Measurement forms the foundation of the scientific method. Scientific theory may be validated through accurate measurement of physical and biological phenomenon; however, it is not possible to measure everything which theory predicts. This limitation has always motivated my research and has led to a lifelong career pursuing new techniques and instruments to perform measurements which currently cannot be made. This interest guided the selection of my first job after obtaining my Bachelor’s degree in Physics, where I developed instruments to measure color. It further influenced my choice of discipline in graduate school. I received a Ph.D. in astrophysics, not because of my interest in astrophysics, but because of the difficulty in making the desired measurements and lack of instrumentation to do it. My career at the University of Wisconsin has been guided by the same principle; however, my research now focuses on the development of techniques and instrumentation for measurements in biotechnology.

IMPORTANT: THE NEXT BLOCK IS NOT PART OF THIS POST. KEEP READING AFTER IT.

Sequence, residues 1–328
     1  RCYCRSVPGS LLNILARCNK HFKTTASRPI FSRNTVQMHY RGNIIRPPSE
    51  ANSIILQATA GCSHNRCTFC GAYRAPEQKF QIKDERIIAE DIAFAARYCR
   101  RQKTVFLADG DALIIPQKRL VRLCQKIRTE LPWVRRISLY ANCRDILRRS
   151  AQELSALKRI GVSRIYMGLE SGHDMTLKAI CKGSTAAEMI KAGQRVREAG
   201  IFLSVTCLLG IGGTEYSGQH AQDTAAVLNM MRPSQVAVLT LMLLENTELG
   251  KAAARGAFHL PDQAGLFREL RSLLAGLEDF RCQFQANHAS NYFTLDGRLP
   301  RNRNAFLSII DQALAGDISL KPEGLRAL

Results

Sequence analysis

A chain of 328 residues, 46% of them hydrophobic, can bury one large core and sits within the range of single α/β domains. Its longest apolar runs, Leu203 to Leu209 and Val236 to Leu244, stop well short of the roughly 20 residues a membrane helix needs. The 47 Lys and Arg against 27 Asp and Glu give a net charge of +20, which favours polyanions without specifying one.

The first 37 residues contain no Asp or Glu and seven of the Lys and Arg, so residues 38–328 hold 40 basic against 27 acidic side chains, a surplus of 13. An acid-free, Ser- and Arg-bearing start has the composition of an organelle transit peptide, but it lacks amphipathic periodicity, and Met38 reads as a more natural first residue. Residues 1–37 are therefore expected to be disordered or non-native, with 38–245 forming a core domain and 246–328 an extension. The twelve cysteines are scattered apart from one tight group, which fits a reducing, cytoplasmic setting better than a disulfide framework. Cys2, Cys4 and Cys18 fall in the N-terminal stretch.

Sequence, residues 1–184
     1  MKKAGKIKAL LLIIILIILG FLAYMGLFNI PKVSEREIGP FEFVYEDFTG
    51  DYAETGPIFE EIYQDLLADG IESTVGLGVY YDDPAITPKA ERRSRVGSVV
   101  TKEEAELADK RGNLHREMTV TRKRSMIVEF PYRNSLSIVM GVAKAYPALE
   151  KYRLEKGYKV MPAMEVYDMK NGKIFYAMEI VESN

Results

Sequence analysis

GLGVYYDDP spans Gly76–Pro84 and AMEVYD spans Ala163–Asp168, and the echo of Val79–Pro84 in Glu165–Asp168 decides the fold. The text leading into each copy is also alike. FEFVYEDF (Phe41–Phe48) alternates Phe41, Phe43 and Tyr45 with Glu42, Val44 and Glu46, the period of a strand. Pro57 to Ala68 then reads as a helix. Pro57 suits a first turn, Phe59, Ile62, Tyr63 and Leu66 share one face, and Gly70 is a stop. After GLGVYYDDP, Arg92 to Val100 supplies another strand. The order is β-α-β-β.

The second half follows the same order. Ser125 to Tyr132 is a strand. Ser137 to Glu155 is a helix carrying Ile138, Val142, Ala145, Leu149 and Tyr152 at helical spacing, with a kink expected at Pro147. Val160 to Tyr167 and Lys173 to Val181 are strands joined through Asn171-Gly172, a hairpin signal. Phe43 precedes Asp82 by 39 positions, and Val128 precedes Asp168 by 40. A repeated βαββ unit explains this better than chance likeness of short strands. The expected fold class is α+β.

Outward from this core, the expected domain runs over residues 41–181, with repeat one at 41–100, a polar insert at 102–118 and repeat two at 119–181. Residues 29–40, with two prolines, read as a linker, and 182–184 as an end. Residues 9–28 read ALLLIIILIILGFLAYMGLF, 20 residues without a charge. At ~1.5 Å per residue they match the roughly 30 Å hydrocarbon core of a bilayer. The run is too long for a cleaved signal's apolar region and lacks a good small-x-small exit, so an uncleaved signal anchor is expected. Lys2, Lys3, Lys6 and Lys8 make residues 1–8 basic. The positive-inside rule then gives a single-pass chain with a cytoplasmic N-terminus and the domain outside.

“Measurement forms the foundation of the scientific method.”
What is my role in the Coon Lab?
I work closely with Professor Coon to maintain the research directive of the lab. Overseeing many of the labs research projects and collaborations. I am fortunate to work with many very talented graduate students developing new technologies for mass spectrometry.
Earn your Ph.D. with us
The Coon Group is always on the lookout for new members. Professor Coon accepts students from several UW-Madison doctoral programs including Chemistry, the Integrated Program in Biochemistry (IPiB), and Cellular & Molecular Pathology.